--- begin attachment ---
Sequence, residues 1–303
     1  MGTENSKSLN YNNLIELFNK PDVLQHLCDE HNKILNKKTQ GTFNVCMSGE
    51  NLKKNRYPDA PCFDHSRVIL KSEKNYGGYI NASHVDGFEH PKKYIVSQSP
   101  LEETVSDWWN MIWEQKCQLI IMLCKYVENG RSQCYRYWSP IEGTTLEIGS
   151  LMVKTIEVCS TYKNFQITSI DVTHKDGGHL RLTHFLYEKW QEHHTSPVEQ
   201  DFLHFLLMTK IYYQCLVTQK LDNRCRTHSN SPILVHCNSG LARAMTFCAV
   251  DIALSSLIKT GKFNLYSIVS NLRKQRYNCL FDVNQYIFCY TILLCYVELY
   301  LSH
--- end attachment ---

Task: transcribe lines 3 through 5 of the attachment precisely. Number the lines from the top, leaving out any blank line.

    51  NLKKNRYPDA PCFDHSRVIL KSEKNYGGYI NASHVDGFEH PKKYIVSQSP
   101  LEETVSDWWN MIWEQKCQLI IMLCKYVENG RSQCYRYWSP IEGTTLEIGS
   151  LMVKTIEVCS TYKNFQITSI DVTHKDGGHL RLTHFLYEKW QEHHTSPVEQ